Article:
In search of a Canadian car: The Zar of all the Windsors
How you doin’, my reading friend? That well? Great. Are we ready for another journey down the autobahn of memory? Great. Yours truly has a topic that should be reasonably interesting, and this even though said topic might not be safe to drive on an autobahn.
I found the article at the heart of our topic while perusing issues of Le Petit Journal, a weekly from Montréal, Québec, which went bye bye in January 1978. The issue we are interested in today came out 60 years ago, on 25 October 1959.
Even though yours truly was never all that fond of automobiles, I must admit to being intrigued by the vehicle in the photograph above.
And yes, the title of this article was directly inspired by a temporary exhibition which opened its doors in June 2010 at the Canada Science and Technology Museum in Ottawa, Ontario – a sister / brother institution of the world famous Canada Aviation and Space Museum, also located in Ottawa. Yes, yes, world famous, but the big sibling was / is pretty cool too. It hosted the aforementioned exhibition for example, In Search of the Canadian Car (Hello, EP and SB!), an online version of which can be found at
How do wish to deal with today’s topic, my reading friend? Short and sweet – and brief, you say? Your wish is my command. To a point.
In early May of 1959 some newspapers readers in the Windsor and Toronto regions of Ontario, and possibly elsewhere, came across an article about a small and new Windsor company interested in manufacturing a real sensible Canadian automobile, made in Canada by Canadians for Canadians. And no, this small and economical vehicle was not the first all-Canadian automobile. The author of the article at the heart of this week’s peroration, or whoever at the newspaper came up with that title, was mistaken – and I cannot fathom how or why such a title was used. And no again, yours truly will not be digressing today about the first all-Canadian automobile.
Incorporated in Ontario in 1959, Zar Auto of Canada Limited, and no, there was no Zar Auto in the United States or anywhere else, was headed by 4 Windsor area gentlemen:
- Leo Finnigan, president, and former founding president of National Auto Radiator Manufacturing Company of Windsor, a statement which seemed somewhat exaggerated according to the successor of this firm, today’s NARMCO Group, also of Windsor;
- Frank W. Herman, vice president and director, and former Western Ontario sales supervisor of Fiberglass of Canada Limited;
- Roger Lauzon, secretary treasurer, and former president of Sun Parlor Pool Company Limited of Windsor; and
- Howard C. Neal, chairman of the board of directors, and former sales manager of Union Gas Company Limited.
It goes without saying, and here I am, saying it anyway, that Zar Auto of Canada was / is in no way related to Zar Car Ednolichno Druzhestvo s Ogranichena Otgovornost, an automobile repair / service shop in Bulgaria very much active in 2019, but I digress.
The early May announcement came as a slightly unpleasant surprise for our 4 gentlemen whose plan it was to unveil their project only in early June, presumably when the very first prototype of the Zar Zar-Car would be ready. And no, the name did / does not roll off the tongue quite as well as Ford Mustang or Pontiac Firebird, 2 automobiles mentioned in a February 2019 issue of our blog / bulletin / thingee.
How did the press hear about the Zar-Car, you ask? Well, it so happened that a Windsor alderman, Maurice Lucien Bélanger, heard about the project, made some inquiries and presented his findings at a meeting of the city council. This former teacher stated that the Greater Windsor Industrial Commission had thoroughly investigated the possibilities of Zar Auto of Canada. None of the articles yours truly has come across actually said anything about these possibilities, a failing that I find very annoying. Still, Bélanger also said that both American and European companies had shown at least some interest in Zar Auto of Canada. By comparison, companies in or near Windsor allegedly made only negligible offers.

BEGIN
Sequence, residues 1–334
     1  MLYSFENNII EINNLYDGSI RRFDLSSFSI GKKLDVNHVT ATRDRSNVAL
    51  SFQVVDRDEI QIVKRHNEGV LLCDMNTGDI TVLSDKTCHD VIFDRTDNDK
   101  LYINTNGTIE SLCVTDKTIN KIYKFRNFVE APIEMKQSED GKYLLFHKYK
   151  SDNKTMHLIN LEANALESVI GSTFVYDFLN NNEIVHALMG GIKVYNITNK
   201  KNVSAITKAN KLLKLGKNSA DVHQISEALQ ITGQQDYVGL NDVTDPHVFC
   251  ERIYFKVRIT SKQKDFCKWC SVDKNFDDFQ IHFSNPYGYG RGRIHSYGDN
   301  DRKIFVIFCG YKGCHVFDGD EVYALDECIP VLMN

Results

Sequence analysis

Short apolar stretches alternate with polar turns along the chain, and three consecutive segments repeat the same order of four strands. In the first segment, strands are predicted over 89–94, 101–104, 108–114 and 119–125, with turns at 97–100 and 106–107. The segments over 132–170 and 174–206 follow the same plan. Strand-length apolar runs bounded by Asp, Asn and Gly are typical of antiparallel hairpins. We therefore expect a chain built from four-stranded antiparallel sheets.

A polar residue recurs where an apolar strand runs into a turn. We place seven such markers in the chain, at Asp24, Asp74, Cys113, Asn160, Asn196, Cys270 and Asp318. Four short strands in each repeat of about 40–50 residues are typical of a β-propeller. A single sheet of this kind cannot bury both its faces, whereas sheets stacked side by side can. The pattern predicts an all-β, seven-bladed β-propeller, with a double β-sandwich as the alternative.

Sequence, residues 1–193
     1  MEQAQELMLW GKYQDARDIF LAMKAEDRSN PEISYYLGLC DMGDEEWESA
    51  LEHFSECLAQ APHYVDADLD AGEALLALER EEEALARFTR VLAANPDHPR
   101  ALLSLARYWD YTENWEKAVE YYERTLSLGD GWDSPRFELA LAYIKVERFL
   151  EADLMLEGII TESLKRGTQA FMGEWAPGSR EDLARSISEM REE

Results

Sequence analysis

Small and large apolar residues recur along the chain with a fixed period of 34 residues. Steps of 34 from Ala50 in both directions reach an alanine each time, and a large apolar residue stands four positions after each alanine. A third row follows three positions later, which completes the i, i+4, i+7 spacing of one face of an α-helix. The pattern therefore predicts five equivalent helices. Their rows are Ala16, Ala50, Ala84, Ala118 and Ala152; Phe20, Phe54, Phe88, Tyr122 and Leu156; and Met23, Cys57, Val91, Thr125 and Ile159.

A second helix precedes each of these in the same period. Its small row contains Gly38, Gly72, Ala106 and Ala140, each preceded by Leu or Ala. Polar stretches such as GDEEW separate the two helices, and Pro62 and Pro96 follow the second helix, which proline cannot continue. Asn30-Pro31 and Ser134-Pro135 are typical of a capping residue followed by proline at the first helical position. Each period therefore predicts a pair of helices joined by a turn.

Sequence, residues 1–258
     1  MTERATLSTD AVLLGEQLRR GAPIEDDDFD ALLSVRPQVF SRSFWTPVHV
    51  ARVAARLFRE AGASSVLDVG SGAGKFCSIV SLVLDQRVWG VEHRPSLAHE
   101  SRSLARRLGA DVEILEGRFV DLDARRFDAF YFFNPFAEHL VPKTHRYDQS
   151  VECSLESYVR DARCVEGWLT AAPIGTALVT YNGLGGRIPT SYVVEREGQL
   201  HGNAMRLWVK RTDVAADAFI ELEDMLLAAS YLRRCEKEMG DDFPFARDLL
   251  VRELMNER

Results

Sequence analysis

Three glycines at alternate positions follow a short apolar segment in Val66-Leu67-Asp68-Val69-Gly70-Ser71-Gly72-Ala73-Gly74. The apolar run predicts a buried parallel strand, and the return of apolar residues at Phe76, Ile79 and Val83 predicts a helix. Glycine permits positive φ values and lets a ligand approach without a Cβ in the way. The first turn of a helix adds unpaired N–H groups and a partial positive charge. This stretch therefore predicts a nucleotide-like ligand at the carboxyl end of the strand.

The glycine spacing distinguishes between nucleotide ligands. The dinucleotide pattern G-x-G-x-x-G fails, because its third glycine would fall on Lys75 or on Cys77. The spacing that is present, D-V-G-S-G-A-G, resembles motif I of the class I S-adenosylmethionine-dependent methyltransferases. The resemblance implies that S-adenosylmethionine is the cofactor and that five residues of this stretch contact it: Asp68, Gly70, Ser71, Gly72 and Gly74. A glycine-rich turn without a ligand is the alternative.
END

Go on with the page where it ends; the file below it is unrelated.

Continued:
Incidentally, Bélanger was born in Sherbrooke, Québec – yours truly’s homecity. Small world, isn’t it?
In any event, when asked to talk about Zar Auto of Canada by a journalist of the Canadian Press, the aforementioned Finnigan stated that the company hoped to have a prototype of the Zar-Car ready in June, as was said (typed?) above, and 11 automobiles built by the fall / autumn of 1960. Said prototype was hand built on the chassis of an Italian automobile, possibly a Fiat 600.
Now why the dejected look, my reading friend? Are you afraid that yours truly will launch into yet another digression, this one being on the FIAT 600? Given that you expect to be digressed to, what kind of a host would I be if I did not fulfill your expectations? I shall be brief. And yes, Fabbrica Italiana Automobili Torino Società Anónima (FIAT) was mentioned in March 2019 issues of our blog / bulletin / thingee.
The FIAT 600, say I, was produced by FIAT between 1955 and 1969. The Italian automobile giant produced approximately 2 695 000 of these economical yet capable 4-seat vehicles. That total probably included a number of 4 to 6 seat FIAT 600 Multiplia, a precursor of today’s multipurpose vehicles. Mind you, approximately 2 225 000 FIAT 600 were also manufactured, until 1985 or so, in Argentina, Chile, Spain, West Germany and Yugoslavia, for a grand total of approximately 4 920 000 vehicles. The many FIAT 600s assembled in Australia (?), Colombia, Malaysia and Uruguay, using parts made elsewhere, were / are included in this total.
Have you ever heard of the Ghia Jolly, my reading friend? No? Me neither. In the late 1950s and, possibly, early 1960s, FIAT delivered a number of FIAT 600s to an Italian design house. Carrozzeria Ghia Società per azioni fitted them with wicker seats and an optional fringed top. Would you believe that the Jolly was originally designed for use by people who owned yachts large enough to accommodate it? It must be nice to have money. Hello, boss, hello.
The owners of such luxury vehicles, which may or may not have owned yachts, ginormous or not, included famous movie actresses and actors like Yul Brinner, born Yuliy Borisovich Briner; Grace Patricia Kelly; Mary Pickford, born Gladys Louise Smith; and Mary Jane “Mae” West, not to mention luminaries like the Yugoslav president / dictator Josip Broz Tito and shipping magnate Aristotelis “Ari / Aristo” Onassis. Would I surprise you if I stated that West was mentioned in a May 2019 issue of our blog / bulletin thingee? But back to our story